In the Open Era, they have had some low-ranked professionals and also amateurs making the main draw. Most notably, Bob Giltinan reached the semi finals of the year 1977 Australian Open after coming through qualifying.

French “Open”

The French Open started in 1891 going by The Champion at de France for it’s name. It was a much limited tournament in the starting, only open to tennis players who are members of French clubs.

It wouldn’t be until 1925 when the French Championships permit for amateurs everywhere in the world to take part. Therefore the French Championships changed the name to what we today know as the French Open. This is when it chose the label as a major Championship, and the popularity of the clay court tournament really took off.

The French Open officially kicked off the Open Era at the majors when they opened up the tournament to everyone in spring of 1968. The first ever was Ken Rosewall on the men’s side and Nancy Richey on the women’s side.

The most alarming run by a qualifier at the French Open during the Open Era was Felip Dewulf. The Belgian established a way to reach the 1997 semi finals, finally losing to the champion Gustavo Kuerten.

The Champions, Wimbledon

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The lonesome major that doesn’t have an “Open” included in the name. Why the Wimbledon tournament doesn’t have Open in the name is not clear. However, it makes sense that they have not changed the name if you think about the history of Wimbledon. No tournament has more history than the championships, Wimbledon. First played as a tournament in 1877, it is the only major tournament held at the same venue throughout it’s history.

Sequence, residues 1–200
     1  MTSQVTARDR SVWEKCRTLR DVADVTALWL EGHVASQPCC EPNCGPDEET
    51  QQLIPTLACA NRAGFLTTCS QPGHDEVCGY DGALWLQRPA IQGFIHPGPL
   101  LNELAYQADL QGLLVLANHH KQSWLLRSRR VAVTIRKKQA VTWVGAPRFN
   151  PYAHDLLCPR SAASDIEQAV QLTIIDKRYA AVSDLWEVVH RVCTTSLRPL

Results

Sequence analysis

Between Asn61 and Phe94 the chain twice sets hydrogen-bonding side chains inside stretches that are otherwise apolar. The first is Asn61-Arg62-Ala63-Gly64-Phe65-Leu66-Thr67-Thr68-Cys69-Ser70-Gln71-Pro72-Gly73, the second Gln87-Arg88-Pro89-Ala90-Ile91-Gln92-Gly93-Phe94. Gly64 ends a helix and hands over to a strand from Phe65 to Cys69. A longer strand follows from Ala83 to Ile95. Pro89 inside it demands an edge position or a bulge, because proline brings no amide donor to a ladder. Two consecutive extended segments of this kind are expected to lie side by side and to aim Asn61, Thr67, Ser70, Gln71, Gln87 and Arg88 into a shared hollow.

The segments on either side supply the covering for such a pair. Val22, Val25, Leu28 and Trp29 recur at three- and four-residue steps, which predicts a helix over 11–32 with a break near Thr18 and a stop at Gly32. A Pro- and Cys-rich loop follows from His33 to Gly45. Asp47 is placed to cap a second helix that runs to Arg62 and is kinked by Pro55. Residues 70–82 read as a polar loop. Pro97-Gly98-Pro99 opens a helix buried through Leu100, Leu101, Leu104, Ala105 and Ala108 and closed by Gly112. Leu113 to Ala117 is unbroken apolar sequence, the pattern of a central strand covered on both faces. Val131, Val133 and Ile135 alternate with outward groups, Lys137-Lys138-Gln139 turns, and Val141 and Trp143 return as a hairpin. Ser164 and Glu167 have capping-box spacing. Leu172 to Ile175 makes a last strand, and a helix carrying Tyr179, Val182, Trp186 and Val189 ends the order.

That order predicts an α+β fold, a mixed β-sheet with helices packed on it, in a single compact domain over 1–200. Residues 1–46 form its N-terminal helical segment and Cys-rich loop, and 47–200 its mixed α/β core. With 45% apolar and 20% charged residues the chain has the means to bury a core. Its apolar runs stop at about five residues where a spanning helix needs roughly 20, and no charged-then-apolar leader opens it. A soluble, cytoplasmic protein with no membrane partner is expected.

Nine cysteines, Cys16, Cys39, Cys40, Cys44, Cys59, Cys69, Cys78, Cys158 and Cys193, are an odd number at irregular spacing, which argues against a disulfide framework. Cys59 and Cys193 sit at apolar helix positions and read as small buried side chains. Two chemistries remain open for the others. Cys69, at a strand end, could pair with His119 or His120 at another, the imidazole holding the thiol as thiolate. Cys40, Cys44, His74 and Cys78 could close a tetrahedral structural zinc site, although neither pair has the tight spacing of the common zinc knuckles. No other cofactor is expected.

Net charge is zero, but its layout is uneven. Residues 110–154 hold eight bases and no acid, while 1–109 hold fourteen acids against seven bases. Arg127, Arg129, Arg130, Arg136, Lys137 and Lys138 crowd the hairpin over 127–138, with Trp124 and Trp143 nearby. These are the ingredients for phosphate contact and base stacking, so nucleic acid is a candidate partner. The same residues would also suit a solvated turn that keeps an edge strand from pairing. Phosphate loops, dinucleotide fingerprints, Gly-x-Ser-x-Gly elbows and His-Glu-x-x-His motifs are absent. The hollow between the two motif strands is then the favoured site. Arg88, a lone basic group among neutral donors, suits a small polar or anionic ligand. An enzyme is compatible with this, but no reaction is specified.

The All England club is the most iconic location for tennis in the globe. The famous grass courts have persist the same throughout the years, even when other tournaments have shifted to more lasting surfaces such as hard courts and clay courts.

In the beginning, the 1877 Wimbledon championships only had a Gentleman’s single tournament. It would not hold the First Ladies and double tournaments until 1884.

Wimbledon was the first tournament to start bringing in international competition, but they still forbid professionals until 1968.

Wimbledon provides qualifying like all the other major tournaments, but they are also different with their seeding. In fact , some players who would automatically qualify fo other tournaments might have to go through qualifying if they do not have solid grass court results. Not only does the tournament look at present world rankings, they also stress grass court results when sending out invitations.

Perhaps the most unforgettable qualifier run in the history of tennis was in 1977, when John McEnroe made it to the semi -finals. It was a true shocker in the moment, and it would set the tone for a memorable career. There have been others to make the semi-finals at Wimbledon after coming through for qualifying in the gentlemen’s and ladies’s draw , but they still are still waiting for a qualifier to make the final.

US “Open”

The last major tournament of the year has a unique history since first taking place in 1881. They have used all three major surfaces throughout its history, and they have held it at several different locations in the Northeast.